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Sen. Al Franken vs. Time Warner Cable/Comcast Merger

Phillip Dampier February 26, 2014 Audio, Comcast/Xfinity, Competition, Consumer News, Public Policy & Gov't, Time Warner Cable, Video 1 Comment


Sen. Al Franken (D-Minn.) has turned over much of his campaign website to expressing concern about the merger of Time Warner Cable and Comcast.

Franken has maintained a comparatively low profile since arriving in the U.S. Senate and rarely grants interviews to reporters outside of Minnesota, but after the announced $45 billion merger deal between the two largest cable companies in the country, he started making exceptions.

Franken has repeatedly tangled with Comcast, the dominant cable operator in his home state, since being elected. He favors Net Neutrality/Open Internet policies, strongly opposed Comcast’s purchase of NBCUniversal, and believes cable rates are too high and service quality is too low.

Although the senator claims he remains undecided about the merger, his public comments suggest he is likely going to oppose the deal.

“We need more competition, not less,” said Franken, who mocked Comcast’s claim that the two cable companies never compete with each other. “This is going exactly in the wrong direction. Consumers, I am very concerned, are going to pay higher bills and get even worse service and less choice.”

Although the merger will leave the combined company serving nearly one in three households, Comcast says it plans to keep its total nationwide broadband market share under 30%. But Franken points out Comcast isn’t just a cable company. It also owns a major television network and has ownership interests in nearly three dozen cable networks and television stations around the country — many in America’s largest cities.

Franken mass e-mailed his campaign supporters to express concern about the current state of the cable and broadband business and asked consumers what they thought about their cable company. More than 60,000 have shared their mostly negative views so far.

Minnesota Public Radio takes a closer look at why Sen. Al Franken is interested in the merger of Time Warner Cable and Comcast. Feb. 24, 2014 (4:32)
You must remain on this page to hear the clip, or you can download the clip and listen later.

competitionThat may prove to be smart politics for Franken, seen as a polarizing figure in the left-right divide. The near-universal loathing among consumers for both Comcast and Time Warner Cable threaten to rise above traditional partisan politics. Republican lawmakers have kept largely quiet about the merger deal, and some are even openly questioning it. Franken may tapped into a re-election issue that voters across Minnesota are likely to support — especially older Republican-leaning independents.

Franken claims his survey is trying to level the playing field by getting consumers involved in the issue. For Washington regulators accustomed to only hearing from company lobbyists and various third party groups often financially tied to merger advocates, it could be a game-changer.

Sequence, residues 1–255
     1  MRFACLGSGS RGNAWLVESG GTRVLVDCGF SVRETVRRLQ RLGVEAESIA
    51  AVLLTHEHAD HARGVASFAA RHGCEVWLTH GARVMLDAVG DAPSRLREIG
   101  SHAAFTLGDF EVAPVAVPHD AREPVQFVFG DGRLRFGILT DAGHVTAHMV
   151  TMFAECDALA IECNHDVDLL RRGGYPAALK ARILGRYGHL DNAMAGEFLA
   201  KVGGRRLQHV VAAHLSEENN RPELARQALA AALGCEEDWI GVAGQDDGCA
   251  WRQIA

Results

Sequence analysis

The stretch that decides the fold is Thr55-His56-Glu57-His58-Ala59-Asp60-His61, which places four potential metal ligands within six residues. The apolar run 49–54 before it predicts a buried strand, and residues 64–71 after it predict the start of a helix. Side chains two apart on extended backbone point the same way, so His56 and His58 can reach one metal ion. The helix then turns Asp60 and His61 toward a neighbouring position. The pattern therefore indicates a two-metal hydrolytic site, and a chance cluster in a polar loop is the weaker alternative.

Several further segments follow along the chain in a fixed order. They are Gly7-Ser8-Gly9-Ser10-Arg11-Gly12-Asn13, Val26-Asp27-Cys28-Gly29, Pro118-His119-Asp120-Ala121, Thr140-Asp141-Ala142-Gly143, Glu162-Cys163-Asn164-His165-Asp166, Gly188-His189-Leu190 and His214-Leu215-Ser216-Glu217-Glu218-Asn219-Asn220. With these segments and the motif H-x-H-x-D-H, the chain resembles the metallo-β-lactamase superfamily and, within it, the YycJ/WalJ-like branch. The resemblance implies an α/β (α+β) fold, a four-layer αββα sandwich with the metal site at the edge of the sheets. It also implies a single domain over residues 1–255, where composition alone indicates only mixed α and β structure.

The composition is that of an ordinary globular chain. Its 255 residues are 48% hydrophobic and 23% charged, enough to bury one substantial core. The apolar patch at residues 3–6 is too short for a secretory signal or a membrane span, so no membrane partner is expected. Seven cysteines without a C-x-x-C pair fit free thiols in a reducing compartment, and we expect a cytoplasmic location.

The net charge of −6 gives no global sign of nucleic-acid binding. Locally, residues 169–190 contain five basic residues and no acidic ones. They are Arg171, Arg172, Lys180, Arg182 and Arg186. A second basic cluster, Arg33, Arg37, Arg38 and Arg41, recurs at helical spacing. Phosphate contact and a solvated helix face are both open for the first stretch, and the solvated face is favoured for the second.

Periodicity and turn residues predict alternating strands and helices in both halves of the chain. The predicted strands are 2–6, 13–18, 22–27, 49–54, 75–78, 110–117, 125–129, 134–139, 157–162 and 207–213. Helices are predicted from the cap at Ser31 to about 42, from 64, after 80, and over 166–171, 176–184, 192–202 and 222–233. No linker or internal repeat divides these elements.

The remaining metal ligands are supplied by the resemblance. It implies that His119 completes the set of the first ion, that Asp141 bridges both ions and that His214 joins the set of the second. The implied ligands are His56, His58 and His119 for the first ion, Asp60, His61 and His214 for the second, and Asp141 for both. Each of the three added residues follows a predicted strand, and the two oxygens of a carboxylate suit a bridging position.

Comcast’s connections in Washington are legendary. Former Republican FCC commissioner Meredith Attwell Baker wasted no time taking a job as a senior Comcast lobbyist shortly after voting in favor of Comcast’s buyout of NBCUniversal. Former Republican FCC chairman Michael Powell today heads the National Cable and Telecommunications Association (NCTA), the cable industry’s largest lobbying group and supporter of the merger.

The merger deal’s regulatory review will be conducted by current FCC chairman Thomas Wheeler, a past president of the NCTA and former cable and wireless industry lobbyist. Bill Baer is in charge of the Antitrust Division that will examine the merger at the U.S. Department of Justice. His last job was leading the law firm that represented NBC in support of the Comcast-NBCUniversal merger.

http://www.phillipdampier.com/video/CNN Al Franken Talks With CNN About TWC-Comcast Merger 2-13-14.flv

Sen. Al Franken spoke to CNN’s Jake Tapper earlier this month about the Time Warner Cable-Comcast merger. Tapper admitted he dropped Comcast because he was dissatisfied with their service. (7:45)

Currently there is 1 comment on this Article:

  1. Paul Houle says:

    The real issue here isn’t this particular merger, it’s that things have gone too far.

    The U.S. needs a broadband strategy that is proactive rather than reactive. The key thing is to make competitive what can be competitive while regulating the parts that can’t be competitive.

    Competition in the last mile is a chimera. Despite a few pockets of overbuilding, such as Austin, TX, it doesn’t make sense to build cable or fiber infrastructure if it already exists.

    As in the UK, multiple providers should compete to provide internet and video services over the last mile infrastructure. The “middle mile” is already overbuilt in most areas, and if customers had a choice about who ran their “middle mile” infrastructure, customers could solve problems like the Verizon-Netflix congestion with their feet. Video should be something you can buy from multiple providers the same way you could buy long distance from multiple providers after the break-up of AT&T.

    We really ought to have a national plan to tear up the old copper and coax infrastructure and replace it all with fiber. The cost is an excuse. Sure, it would cost $3000 to hook up my rural house with fiber. That’s just half what I pay in property taxes in a year and the infrastructure will last 50 years, so it’s 1% of my local taxes in the long term.

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